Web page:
Brief Introduction on Hash table
  • Why hash table?
  • Suppose that we want to store 10,000 students records (each with a 5-digit ID) in a given container.
    • A linked list implementation would take O(n) time.
    • A height balanced tree would give O(log n) access time.
    • Using an array of size 100,000 would give O(1) access time but will lead to a lot of space wastage.
  • Is there some way that we could get O(1) access without wasting a lot of space?
    • Consider the case of large 64-bit address space with sparse entries (limited by physical memory & hard disk)
example 1 illustrating hashing
Example 1: Illustrating Hashing
  • Use the functionf(r) = r.id % 13to load the following records into an array of size 13.
example 1 introduction to hashing cont d

0 1 2 3 4 5 6 7 8 9 10 11 12

Husain

Yousuf

Louai

Ziyad

Radha

Musab

Adel

Example 1: Introduction to Hashing (cont'd)
hash tables
Hash Tables
  • Hash function H: search key -> [0 .. N-1]
    • Example: H(x) = x mod N
    • x (search key) = 64-bit address
    • N = size of the hash table
    • H(x) = hash table index
  • Hash tables are sometimes referred to as scatter tables.
  • Typical hash table operations are:
    • Search
    • Insertion
    • Deletion
search 970876 13 10

0 1 2 3 4 5 6 7 8 9 10 11 12

Husain

Yousuf

Louai

Ziyad

Radha

Musab

Adel

Search 970876 (%13 = 10)
insert husain 996321 12 1

0 1 2 3 4 5 6 7 8 9 10 11 12

Husain

Yousuf

Louai

Ziyad

Radha

Musab

Adel

Insert Husain (996321 % 12 = 1)
delete ziyad 985926 13 6

0 1 2 3 4 5 6 7 8 9 10 11 12

Husain

Yousuf

Louai

Ziyad

Radha

Musab

Adel

Delete Ziyad (985926 % 13 = 6)
types of hashing
Types of Hashing
  • There are two types of hashing :

1. Static hashing: In static hashing, the hash function maps search-key values to a fixed set of locations.

        • In case of collision -> add overflow entries

2. Dynamic hashing: In dynamic hashing a hash table can grow to handle more items. The associated hash function must change as the table grows.

        • In case of collision -> grow the hash table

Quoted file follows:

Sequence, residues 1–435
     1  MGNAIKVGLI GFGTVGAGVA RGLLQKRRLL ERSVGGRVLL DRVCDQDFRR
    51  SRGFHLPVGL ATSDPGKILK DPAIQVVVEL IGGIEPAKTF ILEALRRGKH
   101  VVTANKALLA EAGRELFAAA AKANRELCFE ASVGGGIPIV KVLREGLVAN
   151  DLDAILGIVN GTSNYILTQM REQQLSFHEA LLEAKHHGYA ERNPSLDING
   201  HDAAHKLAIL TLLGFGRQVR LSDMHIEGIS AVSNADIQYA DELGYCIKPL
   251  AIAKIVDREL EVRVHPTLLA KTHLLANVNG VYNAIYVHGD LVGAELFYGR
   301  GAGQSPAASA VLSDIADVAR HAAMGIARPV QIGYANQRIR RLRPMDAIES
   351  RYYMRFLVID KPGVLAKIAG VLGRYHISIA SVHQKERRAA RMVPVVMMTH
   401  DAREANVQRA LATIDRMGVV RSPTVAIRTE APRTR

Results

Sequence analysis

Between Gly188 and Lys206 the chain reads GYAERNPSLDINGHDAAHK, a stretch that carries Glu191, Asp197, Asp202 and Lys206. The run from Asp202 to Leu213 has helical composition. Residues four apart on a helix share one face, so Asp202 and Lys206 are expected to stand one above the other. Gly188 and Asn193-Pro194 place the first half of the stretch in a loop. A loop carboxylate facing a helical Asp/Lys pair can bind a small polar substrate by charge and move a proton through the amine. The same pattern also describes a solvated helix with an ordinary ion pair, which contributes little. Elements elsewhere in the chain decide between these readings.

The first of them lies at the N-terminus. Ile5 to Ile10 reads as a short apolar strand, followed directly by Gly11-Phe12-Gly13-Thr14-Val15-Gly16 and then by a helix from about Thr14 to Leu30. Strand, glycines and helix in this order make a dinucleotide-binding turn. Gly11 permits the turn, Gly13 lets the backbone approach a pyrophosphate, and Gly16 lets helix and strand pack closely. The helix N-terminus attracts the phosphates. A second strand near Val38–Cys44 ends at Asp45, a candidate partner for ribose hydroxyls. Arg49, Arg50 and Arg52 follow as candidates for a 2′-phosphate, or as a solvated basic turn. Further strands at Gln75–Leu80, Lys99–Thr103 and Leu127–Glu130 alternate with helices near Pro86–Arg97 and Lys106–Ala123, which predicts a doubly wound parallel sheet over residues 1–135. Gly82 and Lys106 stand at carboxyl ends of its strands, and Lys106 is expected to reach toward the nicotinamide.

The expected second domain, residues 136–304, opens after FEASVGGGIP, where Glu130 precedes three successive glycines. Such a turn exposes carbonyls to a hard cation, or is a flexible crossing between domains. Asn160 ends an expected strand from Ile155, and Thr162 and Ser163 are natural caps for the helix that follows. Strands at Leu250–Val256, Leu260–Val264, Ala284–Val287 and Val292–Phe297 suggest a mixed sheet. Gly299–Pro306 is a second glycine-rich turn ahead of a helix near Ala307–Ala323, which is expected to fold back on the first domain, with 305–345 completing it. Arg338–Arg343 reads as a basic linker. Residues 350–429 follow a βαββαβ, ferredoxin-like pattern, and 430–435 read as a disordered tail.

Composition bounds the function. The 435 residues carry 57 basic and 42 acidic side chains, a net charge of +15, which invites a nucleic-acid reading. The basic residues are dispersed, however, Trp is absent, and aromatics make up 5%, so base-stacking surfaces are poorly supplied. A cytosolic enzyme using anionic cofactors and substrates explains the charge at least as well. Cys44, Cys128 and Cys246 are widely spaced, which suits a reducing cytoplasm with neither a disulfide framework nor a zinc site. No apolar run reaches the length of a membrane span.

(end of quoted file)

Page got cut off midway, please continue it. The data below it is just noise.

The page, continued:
inverted page table
Inverted Page Table
  • To keep the page table small
    • One entry for each frame of the physical memory
  • Each entry has (pid, page-number)
  • Given (pid, page-number), how to find the physical frame?
    • Very slow: scan entries in the table
    • Fast: build a hash table with the hash key = (pid, page-number)
segmentation
Segmentation
  • Memory-management scheme that supports user view of memory
  • A program is a collection of segments. A segment is a logical unit such as:
    • main program,
    • procedure,
    • function,
    • method,
    • object,
    • local variables, global variables,
    • common block,
    • stack,
    • symbol table, arrays
logical view of segmentation

1

4

2

3

Logical View of Segmentation

1

2

3

4

user space

physical memory space

segmentation architecture
Segmentation Architecture
  • Logical address consists of a two tuple:

<segment-number, offset>,

  • Segment table – maps two-dimensional physical addresses; each table entry has:
    • base – contains the starting physical address where the segments reside in memory
    • limit – specifies the length of the segment
  • Segment-table base register (STBR) points to the segment table’s location in memory
  • Segment-table length register (STLR) indicates number of segments used by a program;

segment number s is legal if s < STLR

segmentation architecture cont
Segmentation Architecture (Cont.)
  • Protection
    • With each entry in segment table associate:
      • validation bit = 0  illegal segment
      • read/write/execute privileges
  • Protection bits associated with segments; code sharing occurs at segment level
  • Since segments vary in length, memory allocation is a dynamic storage-allocation problem
  • A segmentation example is shown in the following diagram
example the intel pentium
Example: The Intel Pentium
  • Supports both segmentation and segmentation with paging
  • CPU generates logical address
    • Given to segmentation unit
      • Which produces linear addresses
    • Linear address given to paging unit
      • Which generates physical address in main memory
      • Paging units form equivalent of MMU
linear address in linux
Linear Address in Linux

Broken into four parts: